Demolition workers, workers who manufacture and package joint compound, freight haulers transporting shipments of joint compound, and sales people in hardware stores may also be at risk of asbestos exposure from handling joint compound, mainly in its dry form. Other trades people working in a room where mudding or demolition is being done may also be exposed to airborne asbestos fibers.

Common Diseases Associated with Asbestos Exposure

Until the mid-1970's, the strong link between asbestos exposure and pulmonary disease (i.e. malignant mesothelioma) was not common knowledge. Workers who have handled asbestos-containing joint compound and other workers or supervisory personnel working in the general vicinity, may have inhaled airborne asbestos fibers while on the job without even being aware of the fact that asbestos causes mesothelioma. This put them at significant risk for developing one of the following asbestos-associated diseases: pleural mesothelioma, peritoneal mesothelioma, pericardial mesothelioma, asbestos cancer and asbestosis. In addition, workers often brought asbestos fibers home on their clothes, putting their family members, especially women, at risk for developing one of the above diseases. Those diagnosed with the disease generally do not have a favorable mesothelioma prognosis. A disease like mesothelioma can also take 30-40 years to develop (i.e. has a long latency period) following initial exposure.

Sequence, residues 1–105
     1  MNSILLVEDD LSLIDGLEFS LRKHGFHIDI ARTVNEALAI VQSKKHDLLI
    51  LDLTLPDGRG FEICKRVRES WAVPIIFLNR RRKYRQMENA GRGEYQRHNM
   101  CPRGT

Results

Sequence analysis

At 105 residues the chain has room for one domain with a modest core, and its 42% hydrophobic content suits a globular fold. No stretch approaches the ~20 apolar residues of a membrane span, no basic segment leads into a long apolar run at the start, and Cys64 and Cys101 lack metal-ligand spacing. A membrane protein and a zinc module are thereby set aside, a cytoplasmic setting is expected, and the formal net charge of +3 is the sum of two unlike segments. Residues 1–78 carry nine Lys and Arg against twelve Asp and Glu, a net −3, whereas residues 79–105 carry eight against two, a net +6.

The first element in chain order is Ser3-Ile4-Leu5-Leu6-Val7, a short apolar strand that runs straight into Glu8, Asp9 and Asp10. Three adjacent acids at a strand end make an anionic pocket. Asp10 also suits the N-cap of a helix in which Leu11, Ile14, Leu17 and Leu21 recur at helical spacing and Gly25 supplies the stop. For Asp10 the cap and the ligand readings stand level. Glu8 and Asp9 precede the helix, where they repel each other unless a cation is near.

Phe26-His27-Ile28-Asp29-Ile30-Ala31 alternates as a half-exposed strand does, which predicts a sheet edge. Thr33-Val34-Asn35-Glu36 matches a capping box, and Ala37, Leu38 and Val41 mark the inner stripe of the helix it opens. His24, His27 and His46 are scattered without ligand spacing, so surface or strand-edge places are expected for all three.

Joint Compound Products Containing Asbestos

The following partial list of joint compound products were known to contain asbestos:

Product Name Start Year End Year
Bondex “Premium Joint Compound”
Bondex GSA Joint Compound
Bondex Joint Compound
CertainTeed Joint Treating Compound 1937 1956
Flintkote Flintrock Joint Compound
Flintkote Joint Treatment Compound
Georgia-Pacific All Purpose Joint Compound 1967 1977
Georgia-Pacific Dry Mixed Joint Compound 1956 1977
Georgia-Pacific Joint Compound 1956 1977
Georgia-Pacific Ready Mix Joint Compound 1963 1977
Georgia-Pacific Speed Set Joint Compound 1962 1974
Georgia-Pacific Triple Duty Joint Compound 1956 1977
Kaiser Gypsum Dual Purpose Joint Compound
Kaiser Gypsum Joint Compound 1953 1975
Kaiser Gypsum One-Day Joint Compound 1953 1975
Kelly-Moore Paco All-Purpose Joint Compound 1960 1978
Kelly-Moore Paco Joint Compound 1960 1978
Kelly-Moore Paco Quik-Set Joint Compound 1963 1978
Kelly-Moore Paco Ready Mix Joint Compound 1960 1978
National Gypsum Gold Bond All Purpose Joint Compound
National Gypsum Gold Bond Joint Compound
National Gypsum Gold Bond Quik-Treat Joint Compound
National Gypsum Gold Bond Ready Mixed Joint Compound
National Gypsum Gold Bond Tri-Treatment Joint Compound
National Gypsum Gold Bond Two-in-One Joint Compound
National Gypsum Gold Bond Velvet Joint Compound
National Gypsum Wesco Joint Treatment
Synkoloid Synko Triple Duty Joint Compound 1950 1975
United States Gypsum Durabond 90 Joint Compound 1970 1976
United States Gypsum Durabond Joint Compound 1960 1975